However i do feel that the internet came along for me at a crucial time. I first started using it on a regular basis, probably at about the age of 13, coincidentally when a lot of my mental health problems really began to kick off and become a real problem. Looking back it has had an absolutely invaluable impact on my life and emotional wellbeing and provided me with a safe, for the most part anonymous space to explore and try to understand the things that were going on in my head. These were huge things, pervasive and destructive things that I couldn’t seem to physically voice but could type and share with strangers who I didn’t feel would judge me or change in their attitude to me if i disclosed some of the darker things inside going on inside.

I know i’m not alone in this. Every day tens of thousands, in fact millions of people turn on their computers and log onto to countless blogs, support groups and forums to discuss their mental health and seek support. But why? Personally I believe that talking online to someone can be just as therapeutic as talking to someone face to face and in fact can be a lot easier and less traumatic. The online world provides a certain amount of anonymity that is just not possible in the real, tactile world. People can be whoever they choose to be online and the media is often very quick to pick up on the most negative and extreme examples of this but in my experience a lot of people use this in a positive way and i feel it is unfair to judge the majority of people who choose to remain anonymous against a minority of people who use it for less honourable purposes.

Copyright Kari

We must also take into account that a lot of people feel unable to reveal their identities. A lot of them simply cannot take the risk and this is often true for those with mental health problems. People fear that loved ones, friends and co-workers will uncover their mental health problems and this is often not an option because of stigma and discrimination which are still very real issues for a lot of people like me. The same can be said for meeting people from the online world. Obviously caution and common sense are necessary and you should do as much as you possibly can to stay safe and I would in no way recommend giving out personal details to people you meet online but I would say that many of my best friends are people I originally met online on support groups. In fact some of the people I met in the early days of using support groups, some seven, almost eight years ago are to this day firm friends and people who I cannot imagine not being a part of my life.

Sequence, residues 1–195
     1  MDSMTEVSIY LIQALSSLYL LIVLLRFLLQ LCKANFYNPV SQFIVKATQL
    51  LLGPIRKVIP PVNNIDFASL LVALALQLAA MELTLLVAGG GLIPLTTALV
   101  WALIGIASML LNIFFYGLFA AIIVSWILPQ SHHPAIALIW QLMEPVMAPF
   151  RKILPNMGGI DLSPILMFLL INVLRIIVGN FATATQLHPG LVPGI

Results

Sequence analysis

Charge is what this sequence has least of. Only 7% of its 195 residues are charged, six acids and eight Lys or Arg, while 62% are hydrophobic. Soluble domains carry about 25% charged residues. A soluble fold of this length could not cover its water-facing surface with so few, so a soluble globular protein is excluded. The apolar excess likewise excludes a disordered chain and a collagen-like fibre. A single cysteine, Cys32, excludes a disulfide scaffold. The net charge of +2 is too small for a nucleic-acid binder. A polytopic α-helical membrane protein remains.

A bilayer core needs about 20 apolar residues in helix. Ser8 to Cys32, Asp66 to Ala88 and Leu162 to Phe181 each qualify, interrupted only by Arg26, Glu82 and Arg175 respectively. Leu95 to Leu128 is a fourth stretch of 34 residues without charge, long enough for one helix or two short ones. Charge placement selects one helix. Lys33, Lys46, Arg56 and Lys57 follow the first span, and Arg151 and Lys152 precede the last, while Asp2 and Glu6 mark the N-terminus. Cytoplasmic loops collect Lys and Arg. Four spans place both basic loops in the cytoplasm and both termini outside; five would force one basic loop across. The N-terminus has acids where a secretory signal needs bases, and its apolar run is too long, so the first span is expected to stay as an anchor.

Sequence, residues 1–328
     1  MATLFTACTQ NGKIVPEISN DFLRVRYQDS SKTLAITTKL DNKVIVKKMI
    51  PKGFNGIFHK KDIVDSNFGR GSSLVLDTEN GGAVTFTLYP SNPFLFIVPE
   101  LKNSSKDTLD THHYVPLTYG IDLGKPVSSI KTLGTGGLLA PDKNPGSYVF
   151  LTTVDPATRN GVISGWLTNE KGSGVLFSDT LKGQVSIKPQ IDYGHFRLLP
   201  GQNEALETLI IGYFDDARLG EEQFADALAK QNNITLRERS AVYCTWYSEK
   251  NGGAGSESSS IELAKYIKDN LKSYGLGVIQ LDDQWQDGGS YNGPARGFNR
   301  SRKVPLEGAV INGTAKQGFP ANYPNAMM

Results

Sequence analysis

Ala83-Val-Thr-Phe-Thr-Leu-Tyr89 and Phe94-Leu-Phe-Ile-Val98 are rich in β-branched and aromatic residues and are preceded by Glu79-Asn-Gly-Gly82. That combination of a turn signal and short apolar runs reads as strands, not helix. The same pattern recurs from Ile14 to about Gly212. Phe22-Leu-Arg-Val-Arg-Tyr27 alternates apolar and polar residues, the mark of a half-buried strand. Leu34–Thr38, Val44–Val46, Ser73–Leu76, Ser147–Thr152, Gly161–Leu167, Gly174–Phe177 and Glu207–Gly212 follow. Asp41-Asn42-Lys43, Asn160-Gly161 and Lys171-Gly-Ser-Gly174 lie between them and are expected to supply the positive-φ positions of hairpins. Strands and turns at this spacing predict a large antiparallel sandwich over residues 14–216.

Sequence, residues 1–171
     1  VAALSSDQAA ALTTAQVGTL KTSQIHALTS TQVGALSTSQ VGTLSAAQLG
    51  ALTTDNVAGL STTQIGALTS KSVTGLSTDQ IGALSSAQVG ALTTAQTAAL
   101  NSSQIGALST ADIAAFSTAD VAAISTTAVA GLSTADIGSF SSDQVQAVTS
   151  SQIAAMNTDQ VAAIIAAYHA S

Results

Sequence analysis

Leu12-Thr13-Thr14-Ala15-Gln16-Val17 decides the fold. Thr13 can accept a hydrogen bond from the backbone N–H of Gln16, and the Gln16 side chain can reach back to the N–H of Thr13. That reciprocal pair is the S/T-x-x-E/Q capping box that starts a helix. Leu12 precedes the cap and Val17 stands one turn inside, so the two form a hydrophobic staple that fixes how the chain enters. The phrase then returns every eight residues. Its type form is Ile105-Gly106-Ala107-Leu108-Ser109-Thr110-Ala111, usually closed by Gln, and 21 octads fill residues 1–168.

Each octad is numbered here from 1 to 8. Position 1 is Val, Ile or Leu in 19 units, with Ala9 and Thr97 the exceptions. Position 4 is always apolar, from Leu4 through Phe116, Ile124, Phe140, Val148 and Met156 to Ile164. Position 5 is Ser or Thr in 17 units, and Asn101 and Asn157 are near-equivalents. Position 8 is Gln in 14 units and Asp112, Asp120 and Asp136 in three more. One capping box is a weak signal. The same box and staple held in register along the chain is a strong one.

It was these people and others like them that first suggested and encouraged that I get help for the mental health problems I was struggling with. If I hadn’t had them coaxing me and sharing their own experiences of getting help (I quite frankly wouldn’t have known where to start) I don’t think I would have been able to speak to my parents and say I needed help in the first place and would have continued to keep everything bottled up and shrouded in shame and secrecy.

The internet is also a wonderful place for finding resources. There is a wealth of information out there that is literally right at your fingertips and does not require you leaving the house or even getting out of your pyjamas (a serious issue when you have depression, agoraphobia or other issues). It is also available 24/7 and both the wealth of information and support groups can be an essential lifeline during times of crisis, especially crises which occur out of office hours which is the only time that most mental health services can provide support. If you are stuck on a waiting list for services this can also essential as a stop gap measure and research is continually showing the benefit of online CBT and Mindfulness courses that often aren’t readily available for people who are struggling.

Personally I do not know what I would have done without the resources and the people I have met during my online journey. I know the internet is not perfect but it’s young, we are all learning as we go along and it is alright to make mistakes. And overall I think the internet serves an undeniably useful service. And as a last point I would like to mention a website that I am very involved in both as a contributor and editor, the YoungMinds VIK site which aims to open up discussion around young people’s mental health and is very close to my heart: Young Minds VIK: http://www.vik.org.uk

Katie Bacon would like to thank Kat for her courage, honesty and open attitude to share her personal online journey and experiences. Kat will be hopefully joining the Online Youth Outreach team to co-deliver on the social media training courses over the upcoming months. Also like to thank Kari Brooks for generously sharing her stunning art work for this blog. Kari is an art student in America. Her art collection recently came 2nd place in Rolling Stone magazine. to check out more of her images – http://www.flickr.com/photos/era_halloway

 

First published 1st April 2011:

http://www.katiebacon.co.uk/young-womens-experience-of-using-the-online-community-as-a-therapeutic-tool/